We know that positive messages are easier to assimilate and understand than negative messages. You improve the effectiveness of communication when you can couch messages in positive words.
One of the ways you can use positive words regularly is to pick a superlative in response to “How are you doing today?” Words such as “tremendous,” “marvelous,” and “super” work well. I had a friend who always responded with “Fan-TAS-tic!” My favorite word to use in response to that frequent question is “great.”
For years I had an 8:00 a.m. class with freshmen in a required course that no one wanted to take. Students rarely volunteer to take a public speaking course! I’d walk into class on a February morning with the temperature in the twenties and three inches of snow on the ground.
A student would ask, “Dr. Boyd, how are you doing?” I’d still try to use “Great!” You might say I was misleading those young minds. My philosophy is that when I awake in the morning, bad breath is better than no breath at all!
I’m always looking for new positive words to use in casual conversation. This morning I ordered a cup of tea at Starbucks and said to the person who waited on me, “How are you today?”
“I’m living my dream!“ she said. What a marvelous attitude that was! To be healthy, to be able to work, and to serve people are huge blessings. In that sense many of us can often say, “I’m living my dream.”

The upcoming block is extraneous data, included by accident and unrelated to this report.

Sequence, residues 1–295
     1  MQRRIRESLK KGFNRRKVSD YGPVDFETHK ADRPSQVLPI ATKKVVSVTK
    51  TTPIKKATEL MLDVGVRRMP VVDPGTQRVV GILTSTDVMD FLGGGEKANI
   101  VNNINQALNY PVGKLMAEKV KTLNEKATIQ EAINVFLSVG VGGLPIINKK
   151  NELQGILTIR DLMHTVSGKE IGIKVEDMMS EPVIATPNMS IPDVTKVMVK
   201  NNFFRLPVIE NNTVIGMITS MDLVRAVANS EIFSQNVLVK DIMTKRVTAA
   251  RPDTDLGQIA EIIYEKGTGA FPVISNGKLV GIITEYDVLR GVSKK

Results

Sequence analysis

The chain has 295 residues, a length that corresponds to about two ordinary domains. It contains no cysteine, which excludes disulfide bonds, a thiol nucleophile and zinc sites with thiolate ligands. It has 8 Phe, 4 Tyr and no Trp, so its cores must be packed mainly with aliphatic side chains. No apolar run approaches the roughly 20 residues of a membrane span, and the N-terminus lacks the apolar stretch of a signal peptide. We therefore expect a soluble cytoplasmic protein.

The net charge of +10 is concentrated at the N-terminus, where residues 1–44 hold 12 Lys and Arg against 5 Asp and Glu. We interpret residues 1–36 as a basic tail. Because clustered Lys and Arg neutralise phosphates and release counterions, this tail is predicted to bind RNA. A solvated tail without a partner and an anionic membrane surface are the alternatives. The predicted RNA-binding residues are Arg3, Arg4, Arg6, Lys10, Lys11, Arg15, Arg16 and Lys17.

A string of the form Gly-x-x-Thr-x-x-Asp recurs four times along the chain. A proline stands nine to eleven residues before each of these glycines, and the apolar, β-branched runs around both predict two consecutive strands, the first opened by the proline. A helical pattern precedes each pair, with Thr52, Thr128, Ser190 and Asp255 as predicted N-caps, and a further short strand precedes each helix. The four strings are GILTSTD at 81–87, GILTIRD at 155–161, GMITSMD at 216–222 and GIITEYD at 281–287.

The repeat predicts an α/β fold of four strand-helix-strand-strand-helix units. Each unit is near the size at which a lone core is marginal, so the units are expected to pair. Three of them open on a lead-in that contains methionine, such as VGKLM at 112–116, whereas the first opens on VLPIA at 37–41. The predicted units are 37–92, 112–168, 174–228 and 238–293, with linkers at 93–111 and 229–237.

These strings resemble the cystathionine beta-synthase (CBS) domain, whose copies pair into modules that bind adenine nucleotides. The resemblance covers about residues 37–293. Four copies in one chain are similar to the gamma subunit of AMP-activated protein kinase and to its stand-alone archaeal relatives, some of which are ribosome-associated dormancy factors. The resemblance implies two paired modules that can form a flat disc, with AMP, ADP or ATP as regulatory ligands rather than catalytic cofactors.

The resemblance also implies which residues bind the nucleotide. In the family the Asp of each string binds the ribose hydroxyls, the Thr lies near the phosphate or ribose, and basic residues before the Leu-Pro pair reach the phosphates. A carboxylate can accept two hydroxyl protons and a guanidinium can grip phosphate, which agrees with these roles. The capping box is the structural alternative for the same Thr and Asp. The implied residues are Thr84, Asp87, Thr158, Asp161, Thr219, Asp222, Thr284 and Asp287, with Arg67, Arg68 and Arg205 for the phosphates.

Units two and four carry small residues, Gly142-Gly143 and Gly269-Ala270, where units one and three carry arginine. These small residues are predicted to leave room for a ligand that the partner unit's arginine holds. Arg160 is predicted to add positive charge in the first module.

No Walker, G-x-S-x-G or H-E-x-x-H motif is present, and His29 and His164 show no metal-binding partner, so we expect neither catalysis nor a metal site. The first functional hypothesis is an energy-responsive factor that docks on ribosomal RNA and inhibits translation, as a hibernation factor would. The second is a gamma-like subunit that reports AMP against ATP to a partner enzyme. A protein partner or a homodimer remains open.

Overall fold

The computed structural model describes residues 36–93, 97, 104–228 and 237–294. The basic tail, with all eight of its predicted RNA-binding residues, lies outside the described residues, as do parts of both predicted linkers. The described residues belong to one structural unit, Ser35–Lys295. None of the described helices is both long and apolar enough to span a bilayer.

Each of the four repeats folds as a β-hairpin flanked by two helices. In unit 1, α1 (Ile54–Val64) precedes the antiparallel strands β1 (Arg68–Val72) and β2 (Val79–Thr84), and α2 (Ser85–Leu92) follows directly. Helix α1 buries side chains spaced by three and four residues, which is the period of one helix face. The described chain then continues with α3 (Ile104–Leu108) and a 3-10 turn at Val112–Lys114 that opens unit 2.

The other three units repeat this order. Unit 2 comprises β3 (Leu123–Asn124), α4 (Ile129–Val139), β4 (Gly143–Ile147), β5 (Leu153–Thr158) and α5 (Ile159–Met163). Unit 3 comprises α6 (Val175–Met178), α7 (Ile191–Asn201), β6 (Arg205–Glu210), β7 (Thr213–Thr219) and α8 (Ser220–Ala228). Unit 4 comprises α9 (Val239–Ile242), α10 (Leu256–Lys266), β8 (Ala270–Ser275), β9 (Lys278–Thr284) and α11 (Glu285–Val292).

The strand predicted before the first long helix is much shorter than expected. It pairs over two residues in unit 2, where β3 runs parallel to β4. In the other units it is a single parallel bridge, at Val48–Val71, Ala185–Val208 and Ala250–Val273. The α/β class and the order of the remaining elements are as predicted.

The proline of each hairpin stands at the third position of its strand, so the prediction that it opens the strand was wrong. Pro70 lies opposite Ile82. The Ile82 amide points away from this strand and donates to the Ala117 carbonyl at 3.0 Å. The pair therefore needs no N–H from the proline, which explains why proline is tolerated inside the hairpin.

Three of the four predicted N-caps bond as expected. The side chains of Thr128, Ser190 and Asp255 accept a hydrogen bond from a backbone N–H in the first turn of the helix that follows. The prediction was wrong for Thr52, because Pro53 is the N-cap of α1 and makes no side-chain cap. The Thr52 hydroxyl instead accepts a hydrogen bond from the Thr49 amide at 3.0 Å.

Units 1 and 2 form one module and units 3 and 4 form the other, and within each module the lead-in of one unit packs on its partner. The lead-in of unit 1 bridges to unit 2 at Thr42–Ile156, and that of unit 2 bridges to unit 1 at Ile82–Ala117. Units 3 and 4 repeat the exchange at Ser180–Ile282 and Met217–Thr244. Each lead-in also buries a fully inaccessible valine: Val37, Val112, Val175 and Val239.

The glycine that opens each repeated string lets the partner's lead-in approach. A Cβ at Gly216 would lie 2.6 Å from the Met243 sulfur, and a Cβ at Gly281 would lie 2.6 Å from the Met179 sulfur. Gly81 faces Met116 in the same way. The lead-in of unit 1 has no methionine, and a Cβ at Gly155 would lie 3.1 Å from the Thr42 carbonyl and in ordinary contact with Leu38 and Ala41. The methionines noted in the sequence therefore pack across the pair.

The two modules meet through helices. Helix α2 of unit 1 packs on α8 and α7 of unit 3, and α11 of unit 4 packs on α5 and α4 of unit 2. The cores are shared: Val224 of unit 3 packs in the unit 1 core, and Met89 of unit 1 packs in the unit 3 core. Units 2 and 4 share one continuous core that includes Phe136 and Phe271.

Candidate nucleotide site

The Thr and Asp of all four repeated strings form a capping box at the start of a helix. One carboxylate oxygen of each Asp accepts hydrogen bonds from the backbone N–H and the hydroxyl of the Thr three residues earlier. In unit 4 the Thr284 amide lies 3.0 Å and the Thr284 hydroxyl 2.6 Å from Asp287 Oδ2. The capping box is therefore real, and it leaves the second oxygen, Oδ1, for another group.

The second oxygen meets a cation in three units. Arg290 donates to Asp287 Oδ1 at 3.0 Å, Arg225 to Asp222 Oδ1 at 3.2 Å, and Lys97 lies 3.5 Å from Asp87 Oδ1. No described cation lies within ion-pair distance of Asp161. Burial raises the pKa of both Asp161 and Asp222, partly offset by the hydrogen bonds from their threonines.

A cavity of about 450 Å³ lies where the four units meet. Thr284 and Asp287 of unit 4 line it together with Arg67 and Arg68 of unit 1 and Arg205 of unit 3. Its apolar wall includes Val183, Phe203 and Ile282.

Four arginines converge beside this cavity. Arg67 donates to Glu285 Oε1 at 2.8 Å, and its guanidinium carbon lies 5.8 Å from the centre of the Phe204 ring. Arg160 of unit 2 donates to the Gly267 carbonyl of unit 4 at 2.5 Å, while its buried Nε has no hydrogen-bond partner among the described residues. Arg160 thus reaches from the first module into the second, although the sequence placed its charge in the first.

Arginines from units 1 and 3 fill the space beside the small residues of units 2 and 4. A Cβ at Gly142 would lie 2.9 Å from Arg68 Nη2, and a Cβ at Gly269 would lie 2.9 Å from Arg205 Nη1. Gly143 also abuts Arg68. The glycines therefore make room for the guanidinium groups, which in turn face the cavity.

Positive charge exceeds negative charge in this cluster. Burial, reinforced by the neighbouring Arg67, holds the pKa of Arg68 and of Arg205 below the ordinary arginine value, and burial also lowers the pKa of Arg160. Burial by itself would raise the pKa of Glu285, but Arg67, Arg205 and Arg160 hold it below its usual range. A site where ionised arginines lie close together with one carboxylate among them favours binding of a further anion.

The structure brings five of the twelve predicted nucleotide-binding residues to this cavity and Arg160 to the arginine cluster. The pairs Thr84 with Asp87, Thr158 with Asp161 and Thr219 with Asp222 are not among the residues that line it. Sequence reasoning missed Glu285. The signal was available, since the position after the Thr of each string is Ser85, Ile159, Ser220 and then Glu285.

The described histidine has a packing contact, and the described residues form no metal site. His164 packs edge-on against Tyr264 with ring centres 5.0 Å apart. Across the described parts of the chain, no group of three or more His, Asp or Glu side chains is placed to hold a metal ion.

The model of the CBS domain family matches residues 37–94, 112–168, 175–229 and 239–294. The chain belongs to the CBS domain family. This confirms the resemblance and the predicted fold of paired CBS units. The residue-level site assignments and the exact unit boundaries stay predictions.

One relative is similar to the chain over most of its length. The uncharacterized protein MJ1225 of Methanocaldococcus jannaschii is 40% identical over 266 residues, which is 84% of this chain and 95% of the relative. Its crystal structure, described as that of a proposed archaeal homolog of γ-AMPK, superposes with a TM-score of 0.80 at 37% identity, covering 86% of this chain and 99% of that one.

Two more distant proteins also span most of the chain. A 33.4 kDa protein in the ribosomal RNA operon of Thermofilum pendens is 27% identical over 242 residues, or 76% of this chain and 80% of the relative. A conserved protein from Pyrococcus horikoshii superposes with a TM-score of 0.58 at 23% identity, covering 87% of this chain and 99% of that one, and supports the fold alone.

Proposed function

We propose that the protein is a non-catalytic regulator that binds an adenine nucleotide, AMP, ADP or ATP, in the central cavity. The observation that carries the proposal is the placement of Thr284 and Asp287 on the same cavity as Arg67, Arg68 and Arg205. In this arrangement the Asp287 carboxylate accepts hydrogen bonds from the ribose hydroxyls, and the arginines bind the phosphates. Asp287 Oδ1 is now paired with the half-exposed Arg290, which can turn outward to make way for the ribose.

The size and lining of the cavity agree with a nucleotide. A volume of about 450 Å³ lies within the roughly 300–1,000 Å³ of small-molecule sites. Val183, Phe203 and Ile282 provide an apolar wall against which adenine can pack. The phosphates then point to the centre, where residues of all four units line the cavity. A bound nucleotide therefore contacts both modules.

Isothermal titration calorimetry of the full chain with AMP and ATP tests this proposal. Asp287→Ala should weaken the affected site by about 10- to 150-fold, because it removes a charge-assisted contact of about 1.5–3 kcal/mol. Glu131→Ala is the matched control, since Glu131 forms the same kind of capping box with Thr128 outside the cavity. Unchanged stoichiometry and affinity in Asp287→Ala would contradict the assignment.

Empathy phrases or words are usually a positive response to a troubled or frustrated person who is complaining or relating a problem he or she is having. An empathic response is simply a non-evaluative, non-judgmental response. You don’t want to give advice or evaluate the behavior that has caused their problem. Don’t say, “That was a dumb thing to do. You should have known better,” or,in a sarcastic voice, “You poor thing! You have more problems than anyone I know.” Instead, say, “I can tell that you feel strongly about that,” or “You’ve really been dealing with challenges today.” This affirms that you are listening and may even encourage the person to offer more information which might be most helpful in guiding you in giving an appropriate response. A sympathetic tone and eye contact are vital to show your empathy.
Using the word “and” instead of “but” is another simple way to keep the comment positive. When you are giving feedback to an employee, instead of saying, “You helped your customer see the value of the product, but next time…” say, “You helped your customer see the value of the product, and next time…” You are now encouraging instead of criticizing.
Take a moment before speaking to think of how you might find the best way to choose positive words in your message. As Mark Twain said, “The difference between the almost right word and the right word is the difference between lightning and the lightning bug.”
Stephen D. Boyd, Ph.D., CSP, is Professor Emeritus of Speech Communication, College of Informatics, Northern Kentucky University, near Cincinnati. He presents keynotes and seminars to corporations and associations whose people want to speak and listen effectively.
Contact Steve today for priority scheduling!
(859) 441-6520 or email info@SBoyd.com